LEVERAGE….Contrary to their reputations, bankers have a well-known tendency toward imprudence. After a few years of good times, they usually overreact and start making too many chancy loans. When the market corrects, they overreact in the other direction and turn the loan spigot down to a trickle. This is completely normal.
The same thing is happening now, except worse: credit markets haven’t just cooled off, they’ve almost completely frozen. Partly this is because most modern financial institutions have a big chunk of their assets invested in complex instruments that were originally valued by impenetrable computer-driven models, and when those models failed no one knew how to revalue the affected securities. Trading in them stopped, and when that happened access to credit dried up as well. After all, no one wants to extend credit to institutions holding a bunch of illiquid assets of questionable value.
But that’s not all there is to it. Tyler Cowen:
This gridlock is especially harmful because leverage is so high, and financial institutions are so interconnected through swaps and loans. Institutions that rely so heavily on debt are precarious and need up-to-date information about valuations. When they don’t have it, markets freeze up. This is what has taken policymakers by surprise and turned a real estate crash into a much bigger financial problem.
In an ordinary commercial bank, leverage is regulated by the capital requirements of the Fed. However, outside the commercial banking system — i.e., most of the global financial industry these days — leverage is barely regulated at all. Capital requirements don’t apply, and astronomical bets are made on minuscule and subtle arbitrage opportunities. Because the bets are so big, failure is big too. Today Tyler expands on his suggestion that insisting on consistent capital requirements everywhere is one of the key reforms that we need to consider going forward:
As long as the Fed and Treasury are providing a safety net, insisting on capital requirements is entirely reasonable and it lowers moral hazard. If you’re going to bail out your friend in a poker game, you can ask him not to bet too much beyond his chips.
When the “shadow banking system” does not have capital requirements, normal financial activities, as regulated by the Fed, are inefficiently taxed and too much of an economy’s leverage ends up in the unregulated shadow banking sector.
If you are anti-regulation on this issue, make the capital requirement relatively low but still impose it symmetrically across financial sectors.
Ideally capital requirements should be adjusted for risk. That probably implies higher capital requirements for shadow banking activity, not lower requirements.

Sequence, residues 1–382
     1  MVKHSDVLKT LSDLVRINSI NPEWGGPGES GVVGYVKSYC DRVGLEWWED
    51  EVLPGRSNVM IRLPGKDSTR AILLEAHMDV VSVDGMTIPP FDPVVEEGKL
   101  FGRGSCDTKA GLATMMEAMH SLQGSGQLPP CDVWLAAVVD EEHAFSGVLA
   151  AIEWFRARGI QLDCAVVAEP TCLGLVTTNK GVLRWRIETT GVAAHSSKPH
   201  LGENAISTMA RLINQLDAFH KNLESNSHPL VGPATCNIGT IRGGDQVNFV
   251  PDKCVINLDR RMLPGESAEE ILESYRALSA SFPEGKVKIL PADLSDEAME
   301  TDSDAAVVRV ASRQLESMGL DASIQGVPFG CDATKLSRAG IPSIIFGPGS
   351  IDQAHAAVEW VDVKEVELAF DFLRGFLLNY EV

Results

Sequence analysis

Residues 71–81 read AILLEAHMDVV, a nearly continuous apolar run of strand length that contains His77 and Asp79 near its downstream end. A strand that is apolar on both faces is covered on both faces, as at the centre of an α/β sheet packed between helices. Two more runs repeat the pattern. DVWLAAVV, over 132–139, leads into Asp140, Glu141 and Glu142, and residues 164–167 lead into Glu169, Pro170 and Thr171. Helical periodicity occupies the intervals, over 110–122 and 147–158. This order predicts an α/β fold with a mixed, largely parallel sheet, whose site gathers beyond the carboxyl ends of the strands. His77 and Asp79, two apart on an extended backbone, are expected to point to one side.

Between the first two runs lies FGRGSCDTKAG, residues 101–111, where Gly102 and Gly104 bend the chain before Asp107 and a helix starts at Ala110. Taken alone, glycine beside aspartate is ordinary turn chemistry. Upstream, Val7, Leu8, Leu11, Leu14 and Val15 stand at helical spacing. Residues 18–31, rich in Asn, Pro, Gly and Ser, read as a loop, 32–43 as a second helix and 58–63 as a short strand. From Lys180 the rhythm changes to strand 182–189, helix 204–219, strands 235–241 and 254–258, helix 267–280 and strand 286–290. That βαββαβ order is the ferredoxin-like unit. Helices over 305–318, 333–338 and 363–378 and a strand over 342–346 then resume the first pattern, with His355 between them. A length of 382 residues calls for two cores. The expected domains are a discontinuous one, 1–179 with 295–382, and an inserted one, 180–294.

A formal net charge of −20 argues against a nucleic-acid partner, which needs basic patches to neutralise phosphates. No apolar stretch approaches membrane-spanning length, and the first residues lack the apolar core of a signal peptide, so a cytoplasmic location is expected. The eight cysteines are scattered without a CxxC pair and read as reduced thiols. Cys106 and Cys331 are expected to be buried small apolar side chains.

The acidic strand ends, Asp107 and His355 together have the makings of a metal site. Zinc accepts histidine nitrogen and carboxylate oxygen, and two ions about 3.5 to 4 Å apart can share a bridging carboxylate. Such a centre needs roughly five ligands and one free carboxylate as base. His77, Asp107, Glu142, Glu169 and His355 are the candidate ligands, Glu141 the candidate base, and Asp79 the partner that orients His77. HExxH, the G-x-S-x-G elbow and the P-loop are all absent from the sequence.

Regulatory issues aside, market participants are less sure of themselves in the shadow banking sector. Derivatives are non-transparent, for a start. That’s another reason not to push too much financial activity into the shadow banking sector.
A final solution to excess risk-taking and leverage has to come from shareholders; regulation can only do so much and of course capital requirements are only a small part of regulation. But in the meantime I think the case for more symmetric capital requirements is a strong one, recognizing all the usual comments about horses and barn doors, etc.
This is a no-brainer, I think, sort of a litmus test for hackdom (i.e., if you aren’t willing to accept even an obvious reform like this, you’re just a hack). After the LTCM debacle of 1998, the great and good, including Robert Rubin and Alan Greenspan, solemnly produced a report explaining that “excessive leverage can greatly magnify the negative effects of any event or series of events on the financial system as a whole,” and suggesting that we should “encourage,” “promote,” and “consider” guidelines that might prod financial institutions into reducing their drunken sailor approach to leverage. As we now know, the financial institutions of the world gravely considered those recommendations and then went about their business.
Now, among other things, I’d say that Congress also needs to take a close look at the role that rating agencies have played in our current meltdown. They pretty clearly were not operating as honest brokers. But if the Fed is going to act as lender of last resort to everyone, not just Bob’s Savings & Loan down the street, then at a minimum everyone needs to be required to restrain their betting to levels that don’t threaten the entire financial system if they collapse. This is a pretty moderate proposal, and probably ought to be one of our first steps. For more, read this New York Times piece.